Funny ha-ha? Excavations at Eastcote House Gardens

On the Day of Archaeology 2014, AOC Archaeology Group is working once again with London Borough of Hillingdon (LBH) and the Friends of Eastcote House Gardens (FEHG) to deliver an exciting programme of public archaeology in this lovely park. I’m Charlotte, AOC’s Public Archaeologist. AOC first worked at Eastcote House Gardens in 2012, when we ran a smaller evaluation excavation as part of the development phase of this project. You can read our Day of Archaeology 2012 post at:

The excavations at Eastcote House Gardens form just one part of a larger project, which is being supported by the Heritage Lottery Fund and Big Lottery Fund, through their Parks for People programme. This project, led by LBH and FEHG, will see significant changes to the Park including the repair and re-use of the historic buildings, the building of ancillary facilities, with a cafe, toilets and manager’s office, and the improvement and upgrading of the Gardens for educational and community use. The archaeological programme includes public excavations, training workshops, an open day, and a schools programme involving hundreds (literally!) of young people from local schools (primary, secondary and special), uniformed groups (Guides, Cubs and Beavers) and one youth charity. FEHG has a small army of volunteers who are passionate about the park and its past, and they play a key role in the school visits, giving learners a tour of the historic dovecot and stables as well as the smaller trenches current being excavated. Most days onsite are very busy, with lots of volunteers and young people working to explore the past at Eastcote House Gardens.

The Gardens, and its historic buildings, are all that have survived from Eastcote House and its outbuildings, which were demolished in 1964.  Eastcote House was a big white stuccoed house of many different periods, part of which dated from the 16th century. However historic records suggest that there was previously an even earlier building on the site, known as Hopkyttes. During the evaluation excavations in 2012 we opened only small trenches, confirming the location of the remains of Eastcote House, establishing the condition of any archaeological features, and assessing the value of any future work. This year, we have opened a much larger area, so that we can gain a better understanding of the layout and phasing of the house. We are very excited to have found (we believe) the remains of Hopkyttes, overlain by the Tudor structure.

However, on to our activities on the Day of Archaeology! As well as our lovely, ever-cheerful project participants – some old hands and some newbies – today we welcomed to site three classes from a local primary school, and a group of young people from The Challenge, a charity aimed at building a more integrated society. The primary schools and The Challenge group concentrated today on excavating the remains of Eastcote House and washing some of the finds, and we also focussed on the site’s funniest feature – the ha-ha.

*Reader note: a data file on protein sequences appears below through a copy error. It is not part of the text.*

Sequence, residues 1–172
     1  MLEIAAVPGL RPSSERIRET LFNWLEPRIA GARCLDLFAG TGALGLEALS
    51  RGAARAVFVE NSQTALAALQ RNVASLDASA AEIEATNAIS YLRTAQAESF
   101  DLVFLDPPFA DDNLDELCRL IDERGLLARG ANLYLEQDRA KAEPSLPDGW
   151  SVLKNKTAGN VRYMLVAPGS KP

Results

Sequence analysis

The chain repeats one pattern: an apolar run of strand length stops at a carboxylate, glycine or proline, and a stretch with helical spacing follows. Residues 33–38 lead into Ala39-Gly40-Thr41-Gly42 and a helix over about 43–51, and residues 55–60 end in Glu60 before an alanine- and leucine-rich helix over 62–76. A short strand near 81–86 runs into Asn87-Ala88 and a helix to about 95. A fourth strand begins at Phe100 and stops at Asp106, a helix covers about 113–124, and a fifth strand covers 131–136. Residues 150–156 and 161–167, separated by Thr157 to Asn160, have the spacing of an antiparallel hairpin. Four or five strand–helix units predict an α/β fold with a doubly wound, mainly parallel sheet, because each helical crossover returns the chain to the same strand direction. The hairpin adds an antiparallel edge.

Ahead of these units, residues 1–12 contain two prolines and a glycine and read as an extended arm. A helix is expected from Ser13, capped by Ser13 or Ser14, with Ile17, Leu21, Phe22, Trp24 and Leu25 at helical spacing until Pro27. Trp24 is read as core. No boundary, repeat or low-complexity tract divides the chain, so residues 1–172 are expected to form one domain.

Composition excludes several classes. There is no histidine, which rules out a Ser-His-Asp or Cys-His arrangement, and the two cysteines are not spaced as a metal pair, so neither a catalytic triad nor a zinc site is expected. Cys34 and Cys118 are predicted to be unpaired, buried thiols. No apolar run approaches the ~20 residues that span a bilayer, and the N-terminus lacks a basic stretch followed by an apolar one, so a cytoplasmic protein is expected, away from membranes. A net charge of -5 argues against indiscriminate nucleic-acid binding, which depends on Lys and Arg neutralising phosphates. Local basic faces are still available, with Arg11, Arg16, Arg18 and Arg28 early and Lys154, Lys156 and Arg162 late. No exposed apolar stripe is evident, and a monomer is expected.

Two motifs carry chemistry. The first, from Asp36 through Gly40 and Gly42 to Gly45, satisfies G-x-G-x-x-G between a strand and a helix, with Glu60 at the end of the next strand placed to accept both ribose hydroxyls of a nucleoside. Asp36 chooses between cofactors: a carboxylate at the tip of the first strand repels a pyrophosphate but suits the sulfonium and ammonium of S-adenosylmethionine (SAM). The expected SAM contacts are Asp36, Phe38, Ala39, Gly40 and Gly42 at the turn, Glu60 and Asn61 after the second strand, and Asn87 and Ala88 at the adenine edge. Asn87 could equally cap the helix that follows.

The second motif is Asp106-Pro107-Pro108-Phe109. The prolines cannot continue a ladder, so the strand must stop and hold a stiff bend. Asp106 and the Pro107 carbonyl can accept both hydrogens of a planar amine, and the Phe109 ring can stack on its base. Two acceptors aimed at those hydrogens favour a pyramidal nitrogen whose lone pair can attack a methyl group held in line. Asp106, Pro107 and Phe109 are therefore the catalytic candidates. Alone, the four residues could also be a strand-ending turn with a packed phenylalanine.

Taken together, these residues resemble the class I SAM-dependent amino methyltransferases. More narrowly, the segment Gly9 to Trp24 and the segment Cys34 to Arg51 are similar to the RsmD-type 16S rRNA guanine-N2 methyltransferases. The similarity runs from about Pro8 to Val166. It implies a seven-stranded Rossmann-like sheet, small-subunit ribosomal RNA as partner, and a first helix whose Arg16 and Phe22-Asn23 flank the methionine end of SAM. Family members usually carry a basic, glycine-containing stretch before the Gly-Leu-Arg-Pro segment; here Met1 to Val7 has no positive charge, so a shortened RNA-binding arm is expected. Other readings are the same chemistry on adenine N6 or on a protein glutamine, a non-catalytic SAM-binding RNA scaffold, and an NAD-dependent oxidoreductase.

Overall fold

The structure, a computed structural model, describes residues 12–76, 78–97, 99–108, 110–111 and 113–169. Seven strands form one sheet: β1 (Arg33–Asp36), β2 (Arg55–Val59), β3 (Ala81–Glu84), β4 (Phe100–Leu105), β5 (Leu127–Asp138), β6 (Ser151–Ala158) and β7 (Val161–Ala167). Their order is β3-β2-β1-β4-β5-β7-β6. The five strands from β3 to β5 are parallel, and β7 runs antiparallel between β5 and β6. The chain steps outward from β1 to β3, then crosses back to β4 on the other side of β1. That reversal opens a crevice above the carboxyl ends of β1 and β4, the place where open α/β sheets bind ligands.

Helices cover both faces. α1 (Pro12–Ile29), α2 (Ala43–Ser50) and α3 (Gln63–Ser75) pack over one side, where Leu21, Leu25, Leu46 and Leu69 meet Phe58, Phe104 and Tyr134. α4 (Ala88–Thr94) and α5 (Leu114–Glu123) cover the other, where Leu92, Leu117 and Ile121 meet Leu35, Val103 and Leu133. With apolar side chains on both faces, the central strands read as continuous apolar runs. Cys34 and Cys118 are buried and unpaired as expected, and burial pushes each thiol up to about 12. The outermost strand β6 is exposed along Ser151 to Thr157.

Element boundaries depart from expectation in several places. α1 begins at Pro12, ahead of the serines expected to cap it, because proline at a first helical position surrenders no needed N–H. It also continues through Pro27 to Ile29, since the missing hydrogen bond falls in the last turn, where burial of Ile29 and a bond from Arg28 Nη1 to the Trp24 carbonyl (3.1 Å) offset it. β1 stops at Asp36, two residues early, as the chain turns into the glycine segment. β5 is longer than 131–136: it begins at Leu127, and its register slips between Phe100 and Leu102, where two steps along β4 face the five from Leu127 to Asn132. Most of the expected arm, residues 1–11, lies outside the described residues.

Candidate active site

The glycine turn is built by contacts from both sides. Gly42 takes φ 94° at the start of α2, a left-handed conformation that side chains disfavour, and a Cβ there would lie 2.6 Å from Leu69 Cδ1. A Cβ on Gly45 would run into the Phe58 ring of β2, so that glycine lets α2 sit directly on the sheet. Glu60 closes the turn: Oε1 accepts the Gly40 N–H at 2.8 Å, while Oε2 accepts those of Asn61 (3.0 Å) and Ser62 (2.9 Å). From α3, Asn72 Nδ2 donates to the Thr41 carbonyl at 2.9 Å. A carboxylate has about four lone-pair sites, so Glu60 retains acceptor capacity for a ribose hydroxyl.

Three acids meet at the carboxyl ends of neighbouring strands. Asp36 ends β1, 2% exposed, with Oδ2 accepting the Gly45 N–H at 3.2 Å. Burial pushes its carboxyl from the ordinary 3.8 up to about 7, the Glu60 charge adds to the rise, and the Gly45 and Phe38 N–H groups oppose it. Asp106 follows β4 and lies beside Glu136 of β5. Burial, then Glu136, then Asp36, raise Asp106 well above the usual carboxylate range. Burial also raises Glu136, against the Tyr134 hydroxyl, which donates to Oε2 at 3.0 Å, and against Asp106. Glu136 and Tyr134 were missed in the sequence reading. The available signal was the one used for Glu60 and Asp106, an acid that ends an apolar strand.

Les, who is directing excavations onsite, informs me that his Chambers dictionary defines ‘ha-ha’ as a representation of a laugh. The second definition is ‘a ditch or vertical drop…between a garden and surrounding parkland’. We have one of these features in one of our smaller trenches, which is placed to investigate the southern end of a sunken flint wall with a steep sided ditch dropping towards it.

The upper levels of soil that had collected in the ditch contained 20th century finds, as we might expect.  We have a Tizer bottle with 3p due on return, a bottle which contained a chocolate milk drink – the ingredients include shagreen (sharkskin) – a stoneware mineral bottle, and smaller, broken pieces. Some of the finds are the result of accumulation, while others are probably from people seeing a handy ditch to throw rubbish, rather than recycling or taking it to the nearest bin. Fizzy drinks seem to be a theme on this site: last week we found a bottle marked ‘Eiffel Tower Lemonade’. After a bit of online research, we’ve discovered that this was a lemonade powder – tasty!

The ha-ha

The ha-ha


It looks as though our ha-ha ditch was originally 2m wide and 1.5m deep, and was probably a grassy slope. Some of the local historians think that this may be less of a ha-ha and more of a drainage ditch. At the moment, we think it may be both. In our excavation is a flat slab with flint blocks on top of it. This may be a secured entry to a drain inserted into the ditch: it looks later. We do wonder whether the slab may have been placed over the burial of a favoured pet though. We will know tomorrow.

Hard at work in the ha-ha

Hard at work in the ha-ha

This is just a small taster of everything we’ve been discovering at Eastcote House Gardens. Please do head over to the project website to find out more about the excavations: